JERUSALEM -- Israel's defense minister said Saturday he believes the three Jewish seminary students who went missing in the West Bank were kidnapped by Palestinian militants and that the military is determined to rescue the teens.
The three disappeared late Thursday in the West Bank, reportedly while hitchhiking. An official has said one is a U.S. citizen.
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Israeli troops have scoured the southern West Bank, near the Palestinian city of Hebron, and have arrested more than a dozen Palestinians.
If confirmed that the three teenagers, ages 16 and 19, were seized by Palestinian gunmen, it would be the biggest kidnapping by such militant groups in recent memory in the West Bank.
Israeli-Palestinian tensions already were strained at the time of Thursday's suspected kidnapping, in part because of the recent formation of a Palestinian unity government that has the backing of the Islamic militant Hamas.
Israeli Defense Minister Moshe Yaalon said Saturday that Israel has thwarted dozens of kidnapping attempts by militants, including 14 so far this year.
"It appears this event slipped under our radar, but we will not rest until we free the youths and put our hands on the terrorists who are responsible for this operation," Yaalon said.
He added: "As long as we don't know otherwise, our working assumption is that they are alive."
Israeli authorities clamped a partial gag order on the case. Israeli media have been reporting the incident almost nonstop, casting aside regular programming.
On Saturday, local media published the names of the teens and their home communities, two West Bank settlements and one in Israel.
Israel's government held Palestinian President Mahmoud Abbas responsible for the fate of the teens.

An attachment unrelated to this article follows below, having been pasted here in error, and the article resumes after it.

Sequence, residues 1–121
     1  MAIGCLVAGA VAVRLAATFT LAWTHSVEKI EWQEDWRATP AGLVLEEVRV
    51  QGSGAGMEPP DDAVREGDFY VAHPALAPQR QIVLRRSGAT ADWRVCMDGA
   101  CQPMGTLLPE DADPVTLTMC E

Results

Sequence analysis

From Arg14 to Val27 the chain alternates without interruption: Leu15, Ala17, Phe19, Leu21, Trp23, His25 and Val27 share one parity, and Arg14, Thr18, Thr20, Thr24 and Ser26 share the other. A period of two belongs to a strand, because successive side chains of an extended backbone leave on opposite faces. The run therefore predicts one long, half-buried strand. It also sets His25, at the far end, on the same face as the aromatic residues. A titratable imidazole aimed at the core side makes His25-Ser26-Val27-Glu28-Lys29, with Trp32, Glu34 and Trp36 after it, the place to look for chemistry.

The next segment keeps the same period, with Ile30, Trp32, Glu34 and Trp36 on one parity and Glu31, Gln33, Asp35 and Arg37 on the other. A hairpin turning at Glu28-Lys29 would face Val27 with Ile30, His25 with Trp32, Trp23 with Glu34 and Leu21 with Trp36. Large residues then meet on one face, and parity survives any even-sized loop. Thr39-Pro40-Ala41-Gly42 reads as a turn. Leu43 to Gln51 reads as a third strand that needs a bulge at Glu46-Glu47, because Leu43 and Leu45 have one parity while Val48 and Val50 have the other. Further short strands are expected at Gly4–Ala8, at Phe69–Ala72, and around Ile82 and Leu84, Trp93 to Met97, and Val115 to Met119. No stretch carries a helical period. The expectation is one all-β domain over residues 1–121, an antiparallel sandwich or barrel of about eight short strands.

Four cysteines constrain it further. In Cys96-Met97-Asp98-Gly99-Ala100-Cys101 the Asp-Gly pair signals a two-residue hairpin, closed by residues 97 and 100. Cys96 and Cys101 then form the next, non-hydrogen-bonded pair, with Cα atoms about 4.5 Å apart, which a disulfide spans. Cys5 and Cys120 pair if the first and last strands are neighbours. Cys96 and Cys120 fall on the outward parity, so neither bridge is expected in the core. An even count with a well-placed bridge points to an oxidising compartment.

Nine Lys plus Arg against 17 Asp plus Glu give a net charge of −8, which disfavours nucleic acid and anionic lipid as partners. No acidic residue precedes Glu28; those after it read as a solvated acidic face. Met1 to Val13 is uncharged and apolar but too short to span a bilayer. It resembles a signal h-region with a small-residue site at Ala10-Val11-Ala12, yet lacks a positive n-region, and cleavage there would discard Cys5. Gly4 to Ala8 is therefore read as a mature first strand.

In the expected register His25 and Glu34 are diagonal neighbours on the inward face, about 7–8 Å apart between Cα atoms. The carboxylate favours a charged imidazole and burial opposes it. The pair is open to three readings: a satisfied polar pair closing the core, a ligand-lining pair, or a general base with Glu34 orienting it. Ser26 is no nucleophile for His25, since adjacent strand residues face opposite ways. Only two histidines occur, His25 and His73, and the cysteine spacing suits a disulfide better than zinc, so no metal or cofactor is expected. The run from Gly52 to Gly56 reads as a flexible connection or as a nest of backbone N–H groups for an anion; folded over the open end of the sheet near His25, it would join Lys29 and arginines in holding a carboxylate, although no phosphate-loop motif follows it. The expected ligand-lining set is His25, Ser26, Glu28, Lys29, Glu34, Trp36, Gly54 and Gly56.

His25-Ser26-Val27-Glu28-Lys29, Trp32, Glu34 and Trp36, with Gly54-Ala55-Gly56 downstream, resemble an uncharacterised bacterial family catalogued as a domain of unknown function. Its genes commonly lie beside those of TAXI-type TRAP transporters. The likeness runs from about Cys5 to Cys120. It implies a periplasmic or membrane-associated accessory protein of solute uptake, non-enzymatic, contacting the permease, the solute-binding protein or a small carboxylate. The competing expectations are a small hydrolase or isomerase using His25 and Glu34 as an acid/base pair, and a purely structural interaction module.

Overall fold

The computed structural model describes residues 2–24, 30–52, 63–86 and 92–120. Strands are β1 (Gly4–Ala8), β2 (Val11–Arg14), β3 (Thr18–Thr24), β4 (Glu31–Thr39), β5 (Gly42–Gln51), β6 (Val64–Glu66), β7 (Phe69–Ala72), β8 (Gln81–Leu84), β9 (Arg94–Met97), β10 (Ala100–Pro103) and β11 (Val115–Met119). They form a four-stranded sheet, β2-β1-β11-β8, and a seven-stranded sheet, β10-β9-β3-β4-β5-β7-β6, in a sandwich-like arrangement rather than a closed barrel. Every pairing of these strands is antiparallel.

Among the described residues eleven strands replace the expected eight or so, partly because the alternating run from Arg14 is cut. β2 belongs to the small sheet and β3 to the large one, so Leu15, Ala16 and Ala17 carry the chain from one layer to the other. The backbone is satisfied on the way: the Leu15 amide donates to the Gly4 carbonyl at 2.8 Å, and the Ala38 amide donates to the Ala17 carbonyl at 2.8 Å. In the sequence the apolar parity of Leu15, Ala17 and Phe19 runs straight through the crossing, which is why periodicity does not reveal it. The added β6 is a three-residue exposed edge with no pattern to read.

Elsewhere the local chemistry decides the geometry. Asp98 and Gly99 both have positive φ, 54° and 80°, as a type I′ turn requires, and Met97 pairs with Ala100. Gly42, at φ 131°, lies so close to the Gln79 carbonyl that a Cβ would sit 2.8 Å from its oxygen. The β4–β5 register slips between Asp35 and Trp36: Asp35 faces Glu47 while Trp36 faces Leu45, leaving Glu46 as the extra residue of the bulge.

"The current crisis is a direct result of the decision by Palestinian President Mahmoud Abbas to force a political alliance with these Hamas terrorists," said Mark Regev, a government spokesman.
Hamas, branded a terror group by the West for its attacks aimed at civilians, has been involved in kidnappings of Israeli soldiers in the past. The group routinely claims responsibility if involved in an attack, but has not claimed Thursday's suspected kidnappings.
Palestinian officials also rejected Israel's attempts to blame Abbas, noting that Israel retains overall security control in the West Bank.
Despite the charged rhetoric, Palestinian security forces were cooperating with Israeli counterparts in trying to find the teens, a Palestinian official said.
Israeli forces detained more than a dozen people in connection to the case and are examining local security camera footage, a second official said.
They spoke on condition of anonymity because there were not authorized to brief journalists.
Abbas has said security coordination in the West Bank between Israel and the Palestinians, usually aimed at tracking down Islamic militants, will continue despite the unity government.
Meanwhile, three different claims of responsibility emerged in the West Bank, though it's not clear if any are authentic.
In one leaflet, a group portraying itself as a branch of an al-Qaida splinter group said it kidnapped the three to avenge the killing of three fighters by Israeli security forces earlier this year.
Militant groups, including Hamas, frequently call for the abduction of Israelis.
Israel's military has warned soldiers and civilians not to accept rides from strangers, but hitchhiking remains common.
Two of the teens are from settlements in the West Bank, territory Israel captured from Jordan in the 1967 Mideast war and that Palestinians are demanding as part of their future state along with the Gaza Strip and east Jerusalem.
Hamas ruled Gaza for seven years, after violently taking over the territory from the Palestinian Fatah group in 2007, and remains the de facto power there despite the unity deal.
Militants in Gaza fired a rocket at southern Israel early Saturday, the Israeli military said, adding that nobody was hurt in the attack.
Israel retaliated with an airstrike on "a terror activity site and a weapon storage facility" in Gaza, the military said. There were no reports of injuries.